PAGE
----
It is important that you give your child the details about sex they are seeking because it is a known fact that children will seek the answers from other sources, which may not be accurate, if necessary. Of course, information about sex needs to be appropriate to a child’s age and understanding.

 

Sexual Play Between Children

Many children engage in childhood sexual play. It is normal for children to touch their own bodies and sometimes those of other children. Such games as “playing doctors and nurses” and “I’ll show you mine if you show me yours” are very common.

 

If you are concerned about sexual experiences between children you can contact a Sexual Assault Support Agency for guidance.

 

Unsafe Behaviour for Adults Around Children

 

Most adult behavior around children is safe but there may be times when adult behavior around your child causes you concern.

 

You should be mindful of adults or teenagers who:

  • Insist on hugging, touching, kissing, tickling, wrestling with or holding a child even when the child does not want this affection or attention.
  • Asks lots of questions about the sexuality of a particular child or teenager, e.g. talks repeatedly about the child’s developing body or intrudes on normal teenage dating.
  • Creates opportunities to get time alone or insists on having time alone with a child with little opportunity for another person to interrupt or intervene.
  • Spends most of his/her spare time with children and has little interest in spending time with someone his/her own age.
  • Makes you feel ‘shut-out’ as a parent or isolates your child.
  • Regularly offers to baby-sit many different children for free or takes children on overnight outings or holidays alone.
  • Buys children expensive gifts or food or gives them money for no apparent reason.
  • Allows children or teenagers to consistently get away with inappropriate behaviours.
  • Repeatedly intrudes on a child’s privacy by “accidentally” walking in on them in the toilet, in the bathroom, or when they are getting changed when it is not really necessary.
  • Insists on having an older child sleep with him/her.
  • Seems to demonstrate excessive control over a child, e.g. not letting the child make his/her own decisions or not letting the child be involved in activities outside of the home.
  • Talks about inappropriate sexual behavior with children or calls them sexual names, even if done in a joking manner.
  • Visits children’s chat rooms on the internet or collects or downloads pornography involving children.
  • Nearly always wants their adult sexual partner to dress as a child or pretend they are a child during sex.

 

A time to be especially watchful for these sorts of behaviours and indicators in children, is when there is a new adult in the household, e.g. step-parent, boarder, babysitter, partner. If you are concerned about the behaviour of someone you know, talk to someone that can help like your local Sexual Assault Support Agency.

 
Indicators of Sexual Abuse

Children and young people respond in different ways to sexual abuse. Some abused children do not outwardly show any signs of distress while others may present with many symptoms. The typical signs listed below may occur as a result of sexual abuse but may also occur because of other reasons, e.g. when parents separate, bullying and teasing.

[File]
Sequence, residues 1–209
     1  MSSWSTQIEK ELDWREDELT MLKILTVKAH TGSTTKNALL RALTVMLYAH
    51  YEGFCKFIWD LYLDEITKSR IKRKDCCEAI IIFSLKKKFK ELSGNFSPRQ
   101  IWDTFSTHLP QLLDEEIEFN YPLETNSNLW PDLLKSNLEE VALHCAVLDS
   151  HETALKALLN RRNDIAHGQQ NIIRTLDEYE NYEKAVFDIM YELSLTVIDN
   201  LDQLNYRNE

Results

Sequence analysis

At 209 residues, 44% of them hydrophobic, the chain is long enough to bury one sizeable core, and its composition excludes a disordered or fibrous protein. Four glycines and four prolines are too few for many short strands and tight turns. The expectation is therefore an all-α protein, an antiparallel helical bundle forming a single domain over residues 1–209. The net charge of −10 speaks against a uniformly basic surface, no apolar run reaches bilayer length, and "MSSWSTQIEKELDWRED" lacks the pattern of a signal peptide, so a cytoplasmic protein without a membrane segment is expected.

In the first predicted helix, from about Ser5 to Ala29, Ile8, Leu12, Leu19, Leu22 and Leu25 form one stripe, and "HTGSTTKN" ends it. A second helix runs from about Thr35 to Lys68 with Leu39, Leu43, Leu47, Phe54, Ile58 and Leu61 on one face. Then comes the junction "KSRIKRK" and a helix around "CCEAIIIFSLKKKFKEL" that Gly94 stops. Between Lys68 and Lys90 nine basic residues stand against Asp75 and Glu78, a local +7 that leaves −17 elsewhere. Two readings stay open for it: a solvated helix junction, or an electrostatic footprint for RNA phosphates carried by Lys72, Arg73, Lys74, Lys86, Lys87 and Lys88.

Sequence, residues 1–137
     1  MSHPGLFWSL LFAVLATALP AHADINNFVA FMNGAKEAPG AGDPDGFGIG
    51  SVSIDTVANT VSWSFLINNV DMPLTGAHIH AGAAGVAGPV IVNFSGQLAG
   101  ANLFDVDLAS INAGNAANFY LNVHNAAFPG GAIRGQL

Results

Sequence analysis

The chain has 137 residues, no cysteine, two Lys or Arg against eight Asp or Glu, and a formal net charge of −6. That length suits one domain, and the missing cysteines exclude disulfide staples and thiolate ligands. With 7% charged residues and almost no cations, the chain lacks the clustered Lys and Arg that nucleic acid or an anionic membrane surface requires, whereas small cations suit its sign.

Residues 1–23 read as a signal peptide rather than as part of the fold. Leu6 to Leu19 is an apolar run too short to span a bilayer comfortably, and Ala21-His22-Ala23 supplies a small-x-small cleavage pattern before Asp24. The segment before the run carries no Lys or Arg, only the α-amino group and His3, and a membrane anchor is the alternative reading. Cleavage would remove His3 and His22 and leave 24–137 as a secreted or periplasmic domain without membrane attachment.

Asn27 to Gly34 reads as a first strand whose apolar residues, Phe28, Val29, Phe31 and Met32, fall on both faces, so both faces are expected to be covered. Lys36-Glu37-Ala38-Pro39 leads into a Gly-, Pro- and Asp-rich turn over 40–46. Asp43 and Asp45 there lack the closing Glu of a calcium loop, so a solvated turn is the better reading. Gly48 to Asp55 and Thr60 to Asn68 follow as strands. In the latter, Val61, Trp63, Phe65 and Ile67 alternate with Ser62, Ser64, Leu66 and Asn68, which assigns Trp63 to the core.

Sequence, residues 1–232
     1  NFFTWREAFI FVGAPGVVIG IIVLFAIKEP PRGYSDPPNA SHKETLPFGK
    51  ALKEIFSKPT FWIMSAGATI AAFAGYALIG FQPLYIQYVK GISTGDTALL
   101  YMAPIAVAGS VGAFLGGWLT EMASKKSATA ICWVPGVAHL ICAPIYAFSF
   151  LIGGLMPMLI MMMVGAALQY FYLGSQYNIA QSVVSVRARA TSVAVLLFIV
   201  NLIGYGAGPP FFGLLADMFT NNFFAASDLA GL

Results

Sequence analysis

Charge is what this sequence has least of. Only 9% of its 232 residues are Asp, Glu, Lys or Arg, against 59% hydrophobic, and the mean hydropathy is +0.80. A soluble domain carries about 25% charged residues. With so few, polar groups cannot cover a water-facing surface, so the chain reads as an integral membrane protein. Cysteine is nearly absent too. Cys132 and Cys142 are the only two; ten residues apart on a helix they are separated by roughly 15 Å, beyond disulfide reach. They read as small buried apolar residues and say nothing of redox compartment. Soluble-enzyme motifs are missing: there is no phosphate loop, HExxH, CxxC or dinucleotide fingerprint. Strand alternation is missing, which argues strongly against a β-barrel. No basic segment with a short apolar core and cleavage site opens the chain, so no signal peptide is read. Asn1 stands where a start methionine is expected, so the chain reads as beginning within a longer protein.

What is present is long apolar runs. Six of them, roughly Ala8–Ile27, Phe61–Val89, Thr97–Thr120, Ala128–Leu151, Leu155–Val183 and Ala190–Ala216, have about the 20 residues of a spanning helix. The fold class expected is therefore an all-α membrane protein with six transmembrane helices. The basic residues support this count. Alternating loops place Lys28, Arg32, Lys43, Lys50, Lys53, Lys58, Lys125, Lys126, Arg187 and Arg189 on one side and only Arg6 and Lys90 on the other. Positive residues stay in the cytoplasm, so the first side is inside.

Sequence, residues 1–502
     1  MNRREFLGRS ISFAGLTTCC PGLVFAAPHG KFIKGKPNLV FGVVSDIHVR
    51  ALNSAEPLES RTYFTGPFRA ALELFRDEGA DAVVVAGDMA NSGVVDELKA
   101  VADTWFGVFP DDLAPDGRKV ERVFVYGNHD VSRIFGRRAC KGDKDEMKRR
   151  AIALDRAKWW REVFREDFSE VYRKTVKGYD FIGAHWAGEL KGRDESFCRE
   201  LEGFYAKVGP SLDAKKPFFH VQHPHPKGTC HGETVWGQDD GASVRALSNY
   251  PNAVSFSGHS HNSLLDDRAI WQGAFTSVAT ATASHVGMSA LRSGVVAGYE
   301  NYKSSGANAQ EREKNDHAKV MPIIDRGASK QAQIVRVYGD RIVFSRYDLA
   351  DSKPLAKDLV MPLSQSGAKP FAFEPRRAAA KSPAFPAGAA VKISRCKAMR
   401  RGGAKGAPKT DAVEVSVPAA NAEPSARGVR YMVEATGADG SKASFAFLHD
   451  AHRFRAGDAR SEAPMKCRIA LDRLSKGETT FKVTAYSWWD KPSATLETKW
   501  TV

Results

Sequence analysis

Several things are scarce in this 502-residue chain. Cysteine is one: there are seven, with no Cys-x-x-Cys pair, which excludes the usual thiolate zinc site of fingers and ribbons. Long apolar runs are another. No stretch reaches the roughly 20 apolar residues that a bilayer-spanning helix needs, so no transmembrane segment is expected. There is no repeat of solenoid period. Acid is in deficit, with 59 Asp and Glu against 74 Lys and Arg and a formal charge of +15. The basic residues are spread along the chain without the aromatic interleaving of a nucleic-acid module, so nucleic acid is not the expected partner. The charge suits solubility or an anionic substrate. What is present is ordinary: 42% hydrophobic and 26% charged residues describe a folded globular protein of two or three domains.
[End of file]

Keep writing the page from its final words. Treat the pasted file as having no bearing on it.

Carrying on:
If a child has a number of the signs listed below you should begin to ask questions or seek advice from someone expert in the area of childhood or adolescent problems. Don’t jump to conclusions. Determining whether a child has been sexually abused can be very difficult in some cases, and is best left to people trained in this area.

 

Behavioural signs:
  • Emotional changes e.g. angry outbursts, sadness and crying, tantrums, insecurity and unhappiness.
  • Uncharacteristic anxieties, clinginess and unwillingness to separate from parent/s.
  • An older child going back to behaving like a younger child, like bed-wetting or thumb sucking.
  • Becoming withdrawn from peers and social activities.
  • Sleeping problems and frequent nightmares.
  • Changes in toileting.
  • Difficulties with concentration and a drop in school grades.
  • Behavior problems at school e.g. defiance, poor concentration, disruptiveness.
  • Loss of appetite or overeating.
  • A change in self esteem and low self worth.
  • Developing fears of certain people and places.
  • Talking about having a secret that seems to worry them.
  • Sexual behaviours and language with other children, adults or toys that seem out of the ordinary.
  • Excessive masturbation.
  • Self-harming behaviours, e.g. hitting or cutting yourself.
  • Depression and suicidal thoughts/behaviours.
  • Aggressive behaviours, fighting and angry outbursts.
  • Running away and general withdrawal from people.
  • Loss of confidence.
  • Lying and stealing.
  • Lack of self care and taking unnecessary risks.
  • Feeling dirty and washing frequently.
  • Expressing disgust about intimacy and closeness.
  • Avoidance of touch.
  • Acting in sexually precocious ways including prostitution.
  • Alcohol and drug use.
  • Truancy.
  • Sexually abusive behaviours to others.
  • Cruelty to animals.

 

Physical signs:
  • Unexplained bruises, redness, rashes or bleeding from genitals, anus or mouth.
  • Pain in the genital area, anus or mouth.
  • Genital sores or milky fluids in the genital area.
  • Sexually transmitted infections.
  • Unexplained or persistent physical illness, e.g. chronic headaches, stomach aches.

 

Further Reading
Below is a short list of books that others have found useful. All should be available through bookshops or libraries.

Witten-Hannah, Caroline Keeping Children Safe from Sexual Abuse

Hart-Rossi, Janie  1984  Protect Your Child: A Parent’s Guide (companion to ‘It’s My Body). Parenting Press.

Freeman, Lori  1984  It’s My Body: How to Resist Uncomfortable Touch. Berkley, CA: Parenting Press

Freeman, Lori  1985  Loving Touches: A book for Children about Positive, Caring Kinds of Touch. Minneapolis, MN: Tandem Library.

Morgan, Linda  1994  Megan’s Secret

Morgan, Linda  1986  Katie’s Yucky Problem. Papers Incorporated

Cavanagh-Johnson, Toni  1999  Understanding Your Child’s Sexual Behaviour: What’s Natural and Healthy. New Harbinger Publications.